Are we an overmedicated society? Yes. Is that medication often used to mask problems rather than resolve them? Yes; teens put on Prozac(tm) in some cases descend further into their symptoms and may become suicidal as a direct result. These tragic facts do not dismiss the great benefit that is also possible. Pretty much any situation is ripe for abuse, but that doesn't mean that positive elements should be dismissed solely on that argument: baby with the bathwater, and all that.

To point, Cruise's lambasting of Brooke Shields for disclosing her use of anti-depressants should be an embarrassment to him. Women in general have a much higher sensitivity to the effects of the emotional hormones secreted by body and brain, and therefore represent on average a much higher level of both stress and strength than can be found in men. It is easy for men to resist the emotional impact of events and associations because they genuinely (not without exception) lack the capacity to experience it the same way and to the same depth that women do. Recap: women are more prone to displaying emotional effects, but not disproportionately so based on the extra level of sensitivity they similarly represent; if anything, women are far stronger in this arena.

Add to that the hormonal effects of pregnancy and birth, the new conscious responsibilities for a precious life of infinite potential, and the world turns upside down very very quickly. Takes a while to get it sorted back out.

Let Tom take estrogen for a while, and then simulate the massive serotonin drop that comes with the additional hormonal changes of pregnancy and delivery and we'll see how he does. Walk a mile in those shoes.

But then, that would be altering your brain chemistry.

Wednesday, July 06, 2005

Bad brain! Drop it!

This morning at about 4:30, I awoke to the persistent nagging of my brain.

Before going to bed, I'd been doing some pretty intense Java review - since I haven't been doing that much hands-on in the coding realm lately, and I need to stay loose technologically (especially since I'm one of the largest advocates for the Java re-implementation of our current legacy code base).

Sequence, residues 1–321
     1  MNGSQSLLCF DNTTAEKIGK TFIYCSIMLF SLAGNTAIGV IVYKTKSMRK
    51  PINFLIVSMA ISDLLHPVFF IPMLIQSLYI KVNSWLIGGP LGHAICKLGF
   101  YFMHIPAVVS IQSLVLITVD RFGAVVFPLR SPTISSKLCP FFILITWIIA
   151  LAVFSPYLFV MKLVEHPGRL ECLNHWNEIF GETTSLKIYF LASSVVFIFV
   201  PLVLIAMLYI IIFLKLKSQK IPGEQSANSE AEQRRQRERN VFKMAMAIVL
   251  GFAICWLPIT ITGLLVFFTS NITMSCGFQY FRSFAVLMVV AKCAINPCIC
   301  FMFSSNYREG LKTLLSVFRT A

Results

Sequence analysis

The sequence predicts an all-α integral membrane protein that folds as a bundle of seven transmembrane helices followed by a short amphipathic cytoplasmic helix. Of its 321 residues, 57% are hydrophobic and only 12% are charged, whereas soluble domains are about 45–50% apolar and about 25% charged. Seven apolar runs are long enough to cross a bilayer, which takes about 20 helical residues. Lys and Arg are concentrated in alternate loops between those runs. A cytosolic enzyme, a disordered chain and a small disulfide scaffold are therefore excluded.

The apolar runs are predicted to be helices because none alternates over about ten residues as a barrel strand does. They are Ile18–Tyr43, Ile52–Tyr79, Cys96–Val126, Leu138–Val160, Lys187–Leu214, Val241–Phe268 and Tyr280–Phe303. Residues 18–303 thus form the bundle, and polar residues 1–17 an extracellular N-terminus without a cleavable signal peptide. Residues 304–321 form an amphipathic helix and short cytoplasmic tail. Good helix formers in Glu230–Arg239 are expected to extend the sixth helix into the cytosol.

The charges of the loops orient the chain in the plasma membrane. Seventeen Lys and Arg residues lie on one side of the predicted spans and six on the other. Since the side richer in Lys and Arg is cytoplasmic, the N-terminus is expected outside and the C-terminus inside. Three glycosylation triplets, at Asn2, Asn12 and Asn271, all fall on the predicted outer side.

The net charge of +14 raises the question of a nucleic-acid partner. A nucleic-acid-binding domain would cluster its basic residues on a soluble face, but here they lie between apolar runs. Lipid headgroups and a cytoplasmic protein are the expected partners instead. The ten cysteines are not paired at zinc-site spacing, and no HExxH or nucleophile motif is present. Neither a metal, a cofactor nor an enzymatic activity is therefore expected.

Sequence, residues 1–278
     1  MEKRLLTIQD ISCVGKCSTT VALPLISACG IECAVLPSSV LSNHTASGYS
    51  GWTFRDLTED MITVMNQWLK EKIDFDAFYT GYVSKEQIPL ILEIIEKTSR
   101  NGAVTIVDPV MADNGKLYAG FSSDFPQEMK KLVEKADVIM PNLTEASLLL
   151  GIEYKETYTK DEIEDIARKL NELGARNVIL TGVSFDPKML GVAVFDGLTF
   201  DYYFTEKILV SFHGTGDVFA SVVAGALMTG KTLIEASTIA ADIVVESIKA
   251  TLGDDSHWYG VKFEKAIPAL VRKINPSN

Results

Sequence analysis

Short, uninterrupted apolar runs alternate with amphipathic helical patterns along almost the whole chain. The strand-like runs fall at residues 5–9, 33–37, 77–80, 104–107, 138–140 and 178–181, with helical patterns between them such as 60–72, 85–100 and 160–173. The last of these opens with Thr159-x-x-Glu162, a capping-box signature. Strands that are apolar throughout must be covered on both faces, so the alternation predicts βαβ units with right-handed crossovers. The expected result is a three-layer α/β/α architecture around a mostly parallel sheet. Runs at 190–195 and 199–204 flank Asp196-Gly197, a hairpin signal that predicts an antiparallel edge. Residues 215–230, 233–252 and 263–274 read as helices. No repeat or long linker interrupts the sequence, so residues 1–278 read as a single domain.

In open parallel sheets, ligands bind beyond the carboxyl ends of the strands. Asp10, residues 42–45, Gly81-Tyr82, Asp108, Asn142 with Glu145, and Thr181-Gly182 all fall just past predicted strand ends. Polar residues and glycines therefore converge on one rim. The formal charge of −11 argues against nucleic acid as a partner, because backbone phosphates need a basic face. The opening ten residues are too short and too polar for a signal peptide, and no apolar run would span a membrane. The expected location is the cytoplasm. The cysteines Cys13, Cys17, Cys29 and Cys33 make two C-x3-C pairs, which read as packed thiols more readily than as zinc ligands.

During that though, I was drafting up and illustrative example of one of the principles I really wanted to make sure I had down solid: and it utterly refused to work. For probably the better part of 40 minutes I off-and-on wrestled with the problem and the environment, tweaking both in a vain attempt to get it functional, and researching online to see what might be contributing to the behaviour I was seeing and couldn't reconcile based on my own experience.

Eventually I gave up, and decided to come back to it later. My brain decided that "later" meant 0430 hours on July 6th 2005. I refused to wake all the way though, and held on to the minor groggy delirium I believed was somehow still capable of contributing to the accrual of rest. Inside that fog I couldn't get the code out of my head - it was played back in most of the various iterations I had attempted, all with the identical undesired outcome.

Finally, it pointed out one little miss-placed word. Something that should have been a common error and easily resolved, but was overlooked because the byte code compilation worked without a hitch. It was being exposed in error-form as a fairly generic message, free from the actual context because of the nature of the misplacement (which was attempting to descend into a non-existent client method). Upon recognizing this, I immediately knew the solution and quickly fed that back into cerebral playback loop.

Which it simply accepted and added to its own feed and still wouldn't let me go.

I could have woken up enough to go downstairs and try it out in an effort to pacify myself. Heck, I could have logged onto the wifi with my Palm from the bed and done it via ssh. I refused to be that awake though, and still clung to that stupor as a refuge from consciousness until I managed to drift off for 1/2 an hour more sleep before getting up at 6.

Whereupon I promptly went downstairs, verified the corner condition that produced the error through an independent test, implemented the visualized correction (which worked) and was satisfied with a job well done.

Odd, though; I hadn't thought the unsolved problem to be that important. Maybe the duration of concentration had something to do with it?

Either way, next time I'm just going to go to the stupid computer and fix it. I'll probably get more sleep that way (assuming I go back to bed afterward, properly purged, and haven't [via the new solution] opened up so many creative possibilities that I end up with massive brainstorms). Weird stuff, that.